Despite such skepticism, the information found its way to the top of the U.S. government. Frances Townsend, a Homeland Security advisor to President George W. Bush, chaired daily meetings to address the crisis. She now admits that the bar codes sounded far-fetched. And, she says, even though it all proved to be false, they had no choice but to pursue the claim. “It didn’t seem beyond the realm of possibility,” she says. “We were relying on technical people to tell us whether or not it was feasible. I don’t regret having acted on it.” The feds, after all, had a responsibility to look into the technology. “There were lots of meetings going on during the time of this threat,” says Townsend. “What were we going to do and how would we screen people? If we weren’t comfortable we wouldn’t let a flight take off.” Eventually, though Montgomery continued to crank out his figures, cooler heads prevailed. The threat was ultimately deemed “not credible,” as Townsend puts it.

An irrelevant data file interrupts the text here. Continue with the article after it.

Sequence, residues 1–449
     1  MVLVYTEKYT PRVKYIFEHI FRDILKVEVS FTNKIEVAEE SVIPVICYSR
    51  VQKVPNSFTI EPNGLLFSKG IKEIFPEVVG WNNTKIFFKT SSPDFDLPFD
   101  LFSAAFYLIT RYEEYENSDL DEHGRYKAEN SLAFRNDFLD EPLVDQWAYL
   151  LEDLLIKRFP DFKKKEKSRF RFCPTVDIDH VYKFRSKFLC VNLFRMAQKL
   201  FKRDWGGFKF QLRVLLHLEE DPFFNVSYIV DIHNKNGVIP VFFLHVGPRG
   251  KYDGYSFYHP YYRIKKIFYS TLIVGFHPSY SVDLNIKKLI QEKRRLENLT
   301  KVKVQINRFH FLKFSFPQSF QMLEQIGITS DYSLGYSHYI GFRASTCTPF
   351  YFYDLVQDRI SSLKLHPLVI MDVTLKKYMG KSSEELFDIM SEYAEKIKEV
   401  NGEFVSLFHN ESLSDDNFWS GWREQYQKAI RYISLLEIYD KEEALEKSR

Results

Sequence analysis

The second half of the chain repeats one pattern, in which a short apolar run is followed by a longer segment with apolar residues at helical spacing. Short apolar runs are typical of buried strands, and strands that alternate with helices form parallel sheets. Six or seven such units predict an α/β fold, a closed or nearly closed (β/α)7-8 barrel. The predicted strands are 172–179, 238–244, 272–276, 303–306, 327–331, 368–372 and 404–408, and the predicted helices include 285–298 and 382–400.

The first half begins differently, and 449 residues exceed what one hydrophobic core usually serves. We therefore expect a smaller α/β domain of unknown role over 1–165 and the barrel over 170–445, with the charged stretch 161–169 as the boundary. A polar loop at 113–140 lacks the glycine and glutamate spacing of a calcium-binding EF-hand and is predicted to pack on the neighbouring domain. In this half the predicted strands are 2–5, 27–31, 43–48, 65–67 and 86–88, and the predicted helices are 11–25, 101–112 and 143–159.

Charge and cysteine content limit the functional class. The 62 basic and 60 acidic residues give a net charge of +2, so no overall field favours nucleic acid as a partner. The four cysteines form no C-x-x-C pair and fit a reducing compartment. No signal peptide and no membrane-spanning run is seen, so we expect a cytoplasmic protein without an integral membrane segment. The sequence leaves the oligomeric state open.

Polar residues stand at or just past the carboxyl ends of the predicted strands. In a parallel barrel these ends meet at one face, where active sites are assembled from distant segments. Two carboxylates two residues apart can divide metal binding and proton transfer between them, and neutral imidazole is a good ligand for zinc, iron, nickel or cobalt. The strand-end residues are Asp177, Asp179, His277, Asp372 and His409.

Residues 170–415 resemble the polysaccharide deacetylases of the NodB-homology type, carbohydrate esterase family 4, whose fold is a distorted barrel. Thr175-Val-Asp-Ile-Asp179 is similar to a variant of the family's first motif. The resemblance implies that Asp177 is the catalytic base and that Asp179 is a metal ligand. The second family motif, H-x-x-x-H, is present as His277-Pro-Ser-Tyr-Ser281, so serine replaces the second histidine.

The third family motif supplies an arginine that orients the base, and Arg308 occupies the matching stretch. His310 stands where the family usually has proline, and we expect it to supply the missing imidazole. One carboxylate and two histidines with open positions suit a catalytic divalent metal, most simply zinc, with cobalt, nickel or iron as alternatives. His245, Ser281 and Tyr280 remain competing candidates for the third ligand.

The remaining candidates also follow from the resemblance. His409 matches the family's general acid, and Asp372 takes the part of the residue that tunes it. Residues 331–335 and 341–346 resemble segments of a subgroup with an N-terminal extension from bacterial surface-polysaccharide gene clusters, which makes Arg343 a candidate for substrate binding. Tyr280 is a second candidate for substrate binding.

A former CIA official went through the scenario with me and explained why sanity finally won out. First, Montgomery never explained how he was finding and interpreting the bar codes. How could one scientist find the codes when no one else could? More implausibly, the scheme required Al Jazeera’s complicity. At the very least, a technician at the network would have to inject the codes into video broadcasts, and every terrorist operative would need some sort of decoding device. What would be the advantage of this method of transmission? A branch of the French intelligence services helped convince the Americans that the bar codes were fake. The CIA and the French commissioned a technology company to locate or re-create codes in the Al Jazeera transmission. They found definitively that what Montgomery claimed was there was not. Quietly, as far as the CIA was concerned, the case was closed. The agency turned the matter over to the counterintelligence side to see where it had gone wrong...